In Crimea, people suffering from diabetes are in a difficult situation. The Russian state at the legislative level is obliged to give all patients insulin and test strips for blood glucose meter. But for some reason this rule of law does not work in the occupied Crimea, and many patients remain without medicine.
“If we take the provision in Ukraine, particularly in Kiev, it can be assessed as satisfactory. As far as I know, in Crimea, the program for diabetics is clearly developed in the legislation of the Russian Federation. In Russia, patients are provided not only with insulin but also with the test strips, which we do not get. And getting them is virtually impossible. This probably does not concern the whole of Russia, but only the occupied Crimea, because security in Crimea, even for such a group as people with disabilities, is not working properly,” Management Chairman of the NGO "Crimean Human Rights Initiative" Lyudmila Skvortsova shared with a QHA correspondent.
According to her, Ukraine has an imported insulin, apart from the domestic "Indar", but in Crimea, the only type of insulin is the one of the Russian manufacture.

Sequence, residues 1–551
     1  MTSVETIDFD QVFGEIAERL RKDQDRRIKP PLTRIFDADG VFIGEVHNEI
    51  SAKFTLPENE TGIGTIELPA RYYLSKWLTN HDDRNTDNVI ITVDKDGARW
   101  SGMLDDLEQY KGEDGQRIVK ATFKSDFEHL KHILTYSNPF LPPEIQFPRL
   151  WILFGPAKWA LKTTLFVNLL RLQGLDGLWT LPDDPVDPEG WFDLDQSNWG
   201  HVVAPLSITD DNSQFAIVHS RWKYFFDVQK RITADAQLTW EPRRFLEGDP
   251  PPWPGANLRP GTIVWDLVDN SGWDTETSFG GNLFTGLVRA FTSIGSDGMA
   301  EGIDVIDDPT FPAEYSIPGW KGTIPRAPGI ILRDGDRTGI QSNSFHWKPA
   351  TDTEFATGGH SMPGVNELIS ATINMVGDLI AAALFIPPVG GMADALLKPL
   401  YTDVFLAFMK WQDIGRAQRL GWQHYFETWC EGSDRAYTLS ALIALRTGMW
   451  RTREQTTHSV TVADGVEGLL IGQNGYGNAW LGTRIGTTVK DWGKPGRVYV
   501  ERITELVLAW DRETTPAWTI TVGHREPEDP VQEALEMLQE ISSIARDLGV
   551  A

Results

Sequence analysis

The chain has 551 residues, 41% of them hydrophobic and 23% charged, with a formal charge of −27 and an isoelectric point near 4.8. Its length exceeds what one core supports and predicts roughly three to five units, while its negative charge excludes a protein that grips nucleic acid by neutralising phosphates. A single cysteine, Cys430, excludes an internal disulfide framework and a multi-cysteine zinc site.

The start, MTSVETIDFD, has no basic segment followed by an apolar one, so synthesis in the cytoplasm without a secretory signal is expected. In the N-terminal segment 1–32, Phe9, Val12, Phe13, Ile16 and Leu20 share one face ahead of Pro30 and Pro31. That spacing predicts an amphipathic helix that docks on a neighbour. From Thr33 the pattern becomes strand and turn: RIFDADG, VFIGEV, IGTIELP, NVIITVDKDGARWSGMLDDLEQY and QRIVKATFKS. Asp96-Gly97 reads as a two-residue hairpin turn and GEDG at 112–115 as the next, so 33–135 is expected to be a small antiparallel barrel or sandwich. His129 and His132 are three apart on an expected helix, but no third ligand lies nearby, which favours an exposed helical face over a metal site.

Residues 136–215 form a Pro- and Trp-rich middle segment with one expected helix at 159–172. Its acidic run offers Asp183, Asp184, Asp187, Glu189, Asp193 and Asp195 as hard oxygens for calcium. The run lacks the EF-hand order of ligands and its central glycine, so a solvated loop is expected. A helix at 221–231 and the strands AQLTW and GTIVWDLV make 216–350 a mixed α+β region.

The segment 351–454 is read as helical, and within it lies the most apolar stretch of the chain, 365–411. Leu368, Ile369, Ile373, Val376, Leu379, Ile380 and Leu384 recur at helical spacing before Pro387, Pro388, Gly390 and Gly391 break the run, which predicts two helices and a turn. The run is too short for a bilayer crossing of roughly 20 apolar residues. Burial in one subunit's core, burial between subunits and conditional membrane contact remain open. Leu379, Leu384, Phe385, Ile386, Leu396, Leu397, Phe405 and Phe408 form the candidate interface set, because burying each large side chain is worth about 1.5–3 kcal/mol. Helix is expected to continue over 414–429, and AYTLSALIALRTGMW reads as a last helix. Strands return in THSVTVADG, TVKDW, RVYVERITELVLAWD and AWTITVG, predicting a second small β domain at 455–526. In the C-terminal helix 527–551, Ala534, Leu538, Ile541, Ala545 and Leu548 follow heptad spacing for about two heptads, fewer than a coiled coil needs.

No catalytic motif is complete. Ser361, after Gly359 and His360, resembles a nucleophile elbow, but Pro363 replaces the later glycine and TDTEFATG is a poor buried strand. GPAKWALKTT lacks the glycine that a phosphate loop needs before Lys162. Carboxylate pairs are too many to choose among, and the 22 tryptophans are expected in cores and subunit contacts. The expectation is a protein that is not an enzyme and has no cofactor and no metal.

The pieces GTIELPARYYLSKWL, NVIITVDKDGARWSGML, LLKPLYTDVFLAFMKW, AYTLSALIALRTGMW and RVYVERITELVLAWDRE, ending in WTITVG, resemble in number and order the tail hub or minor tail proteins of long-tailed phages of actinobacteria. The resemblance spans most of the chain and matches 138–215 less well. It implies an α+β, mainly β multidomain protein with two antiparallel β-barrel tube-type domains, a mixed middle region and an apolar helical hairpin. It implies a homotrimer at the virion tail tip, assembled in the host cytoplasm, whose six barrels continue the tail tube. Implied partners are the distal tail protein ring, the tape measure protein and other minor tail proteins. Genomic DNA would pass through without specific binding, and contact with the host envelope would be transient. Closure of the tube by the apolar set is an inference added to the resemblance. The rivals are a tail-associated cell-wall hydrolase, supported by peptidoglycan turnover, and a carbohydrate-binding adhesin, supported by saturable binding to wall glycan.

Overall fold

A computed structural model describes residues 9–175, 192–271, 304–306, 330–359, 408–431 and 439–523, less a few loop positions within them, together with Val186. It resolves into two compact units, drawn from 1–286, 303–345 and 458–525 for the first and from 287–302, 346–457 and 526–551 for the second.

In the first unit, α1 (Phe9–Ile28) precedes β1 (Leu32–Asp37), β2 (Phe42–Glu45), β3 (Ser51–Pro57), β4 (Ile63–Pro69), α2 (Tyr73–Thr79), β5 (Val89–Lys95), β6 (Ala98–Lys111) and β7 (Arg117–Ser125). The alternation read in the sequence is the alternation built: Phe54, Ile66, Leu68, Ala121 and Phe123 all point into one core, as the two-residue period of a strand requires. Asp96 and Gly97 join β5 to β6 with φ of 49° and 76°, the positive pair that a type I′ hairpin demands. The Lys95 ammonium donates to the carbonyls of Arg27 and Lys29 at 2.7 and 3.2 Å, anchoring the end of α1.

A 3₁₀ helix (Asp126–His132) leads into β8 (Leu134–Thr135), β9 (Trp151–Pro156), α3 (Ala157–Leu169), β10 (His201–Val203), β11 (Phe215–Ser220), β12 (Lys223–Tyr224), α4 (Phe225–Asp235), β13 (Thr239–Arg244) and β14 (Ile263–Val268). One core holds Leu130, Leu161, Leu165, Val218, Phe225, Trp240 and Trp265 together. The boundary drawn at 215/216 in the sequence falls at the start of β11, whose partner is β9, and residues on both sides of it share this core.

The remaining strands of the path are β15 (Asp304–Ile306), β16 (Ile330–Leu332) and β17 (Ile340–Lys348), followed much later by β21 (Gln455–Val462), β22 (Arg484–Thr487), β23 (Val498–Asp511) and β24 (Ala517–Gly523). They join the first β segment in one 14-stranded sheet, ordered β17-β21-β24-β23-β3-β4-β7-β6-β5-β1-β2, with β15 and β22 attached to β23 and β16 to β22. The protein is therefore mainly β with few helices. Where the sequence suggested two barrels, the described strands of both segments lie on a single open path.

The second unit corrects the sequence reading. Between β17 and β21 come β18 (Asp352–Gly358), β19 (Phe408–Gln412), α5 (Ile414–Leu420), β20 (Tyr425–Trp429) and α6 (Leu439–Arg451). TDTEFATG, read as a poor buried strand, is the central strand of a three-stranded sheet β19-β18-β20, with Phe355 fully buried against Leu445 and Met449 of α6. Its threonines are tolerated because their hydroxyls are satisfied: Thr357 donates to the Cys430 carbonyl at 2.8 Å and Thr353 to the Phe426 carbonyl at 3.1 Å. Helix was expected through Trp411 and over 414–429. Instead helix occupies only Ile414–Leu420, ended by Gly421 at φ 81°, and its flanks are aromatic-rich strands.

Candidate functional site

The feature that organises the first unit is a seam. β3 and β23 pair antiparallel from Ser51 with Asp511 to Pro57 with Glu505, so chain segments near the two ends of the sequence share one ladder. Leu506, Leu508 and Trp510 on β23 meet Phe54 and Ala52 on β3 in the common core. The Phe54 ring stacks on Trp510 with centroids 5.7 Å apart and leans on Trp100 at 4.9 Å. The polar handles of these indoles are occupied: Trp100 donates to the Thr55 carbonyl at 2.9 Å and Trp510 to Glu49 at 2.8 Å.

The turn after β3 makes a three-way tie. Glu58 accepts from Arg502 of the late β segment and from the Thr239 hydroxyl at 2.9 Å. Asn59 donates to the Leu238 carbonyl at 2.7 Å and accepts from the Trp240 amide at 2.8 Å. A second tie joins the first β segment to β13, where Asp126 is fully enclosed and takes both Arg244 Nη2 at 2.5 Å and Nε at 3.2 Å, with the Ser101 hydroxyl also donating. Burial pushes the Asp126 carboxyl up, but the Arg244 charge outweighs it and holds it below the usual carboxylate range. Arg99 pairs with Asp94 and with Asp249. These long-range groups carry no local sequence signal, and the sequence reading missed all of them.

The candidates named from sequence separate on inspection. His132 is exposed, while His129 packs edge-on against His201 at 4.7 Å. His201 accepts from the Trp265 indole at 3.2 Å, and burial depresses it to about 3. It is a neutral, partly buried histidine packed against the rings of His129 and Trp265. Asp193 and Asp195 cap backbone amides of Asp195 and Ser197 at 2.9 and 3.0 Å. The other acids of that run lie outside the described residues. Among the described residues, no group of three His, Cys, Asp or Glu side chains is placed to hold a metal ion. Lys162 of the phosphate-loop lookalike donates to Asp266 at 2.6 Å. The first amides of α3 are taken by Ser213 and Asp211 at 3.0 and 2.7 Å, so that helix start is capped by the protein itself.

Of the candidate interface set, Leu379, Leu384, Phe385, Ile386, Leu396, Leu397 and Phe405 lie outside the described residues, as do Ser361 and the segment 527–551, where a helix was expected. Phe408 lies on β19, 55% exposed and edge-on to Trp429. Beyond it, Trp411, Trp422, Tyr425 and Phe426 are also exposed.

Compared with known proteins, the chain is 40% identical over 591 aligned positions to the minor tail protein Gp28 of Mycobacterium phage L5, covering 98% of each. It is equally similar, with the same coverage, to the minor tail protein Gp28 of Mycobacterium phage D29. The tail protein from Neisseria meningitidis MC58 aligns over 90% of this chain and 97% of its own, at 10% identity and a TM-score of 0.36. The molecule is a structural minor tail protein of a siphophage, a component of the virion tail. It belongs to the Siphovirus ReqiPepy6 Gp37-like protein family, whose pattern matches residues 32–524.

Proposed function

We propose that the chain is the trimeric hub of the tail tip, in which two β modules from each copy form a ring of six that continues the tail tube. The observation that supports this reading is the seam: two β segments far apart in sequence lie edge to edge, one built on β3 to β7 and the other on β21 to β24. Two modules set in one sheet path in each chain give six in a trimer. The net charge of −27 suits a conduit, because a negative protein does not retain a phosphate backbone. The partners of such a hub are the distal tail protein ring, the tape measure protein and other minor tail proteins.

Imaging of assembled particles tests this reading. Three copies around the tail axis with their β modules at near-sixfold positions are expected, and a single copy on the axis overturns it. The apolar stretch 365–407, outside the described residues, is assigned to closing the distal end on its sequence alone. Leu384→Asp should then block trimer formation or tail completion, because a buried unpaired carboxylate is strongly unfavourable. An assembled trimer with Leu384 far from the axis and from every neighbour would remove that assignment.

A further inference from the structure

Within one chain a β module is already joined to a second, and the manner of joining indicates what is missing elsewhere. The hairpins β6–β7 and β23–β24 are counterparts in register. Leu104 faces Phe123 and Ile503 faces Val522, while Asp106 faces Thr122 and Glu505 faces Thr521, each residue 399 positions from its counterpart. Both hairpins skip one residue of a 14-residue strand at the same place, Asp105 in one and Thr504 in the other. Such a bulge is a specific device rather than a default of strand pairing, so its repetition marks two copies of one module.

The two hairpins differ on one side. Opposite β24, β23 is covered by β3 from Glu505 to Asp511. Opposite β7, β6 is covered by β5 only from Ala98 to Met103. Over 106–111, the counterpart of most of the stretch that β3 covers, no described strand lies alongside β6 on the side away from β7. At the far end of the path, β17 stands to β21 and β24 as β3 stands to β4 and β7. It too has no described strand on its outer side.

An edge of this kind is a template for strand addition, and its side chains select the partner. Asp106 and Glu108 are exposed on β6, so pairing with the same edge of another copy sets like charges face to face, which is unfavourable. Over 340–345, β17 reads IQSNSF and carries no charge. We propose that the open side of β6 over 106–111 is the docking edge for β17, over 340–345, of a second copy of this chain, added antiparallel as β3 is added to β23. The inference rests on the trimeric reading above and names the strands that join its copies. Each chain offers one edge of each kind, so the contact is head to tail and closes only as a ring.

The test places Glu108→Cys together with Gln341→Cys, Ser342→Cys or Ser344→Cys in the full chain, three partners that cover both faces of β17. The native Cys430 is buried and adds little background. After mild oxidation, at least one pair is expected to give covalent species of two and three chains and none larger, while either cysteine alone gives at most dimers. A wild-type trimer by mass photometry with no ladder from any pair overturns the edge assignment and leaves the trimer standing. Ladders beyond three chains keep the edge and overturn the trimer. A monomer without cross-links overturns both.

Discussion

In Ukraine, the patient with diabetes should consult the doctors, especially endocrinologists, to coordinate the change of the insulin type to another [of another manufacturer, - Ed.]. In Crimea this change is obligatory. Crimean physicians prescribe "Rosinsulin", despite the fact that it might be only inappropriate for a particular diabetic, but cause severe complications as well.
“Changing one type of insulin to another without the consent of the endocrinologist can lead to amputations, kidney failure and blindness. I have friends with diabetes who live there, and I know that, despite the fact that they are people with disabilities, they have neither the test strips nor the funds,” said the Managing Chairman of the NGO "Crimean Human Rights Initiative" Lyudmila Skvortsova.
She also stressed that blood sugar monitors are of poor-quality in Crimea. Especially if you compare them with Ukrainian counterparts, showing clear evidence.
“For example, I do not have diabetes and when I arrived in Crimea, I decided to check the Crimean blood sugar meter myself. An imported meter showed the blood sugar was 5.2, which is the norm, but the Crimean device somehow showed the higher level of sugar - 6.7. I was even scared, and checked it again when arrived in Kiev, but it was fine,” said Chairman of the Management of the NGO "Crimean Human Rights Initiative" Lyudmila Skvortsova.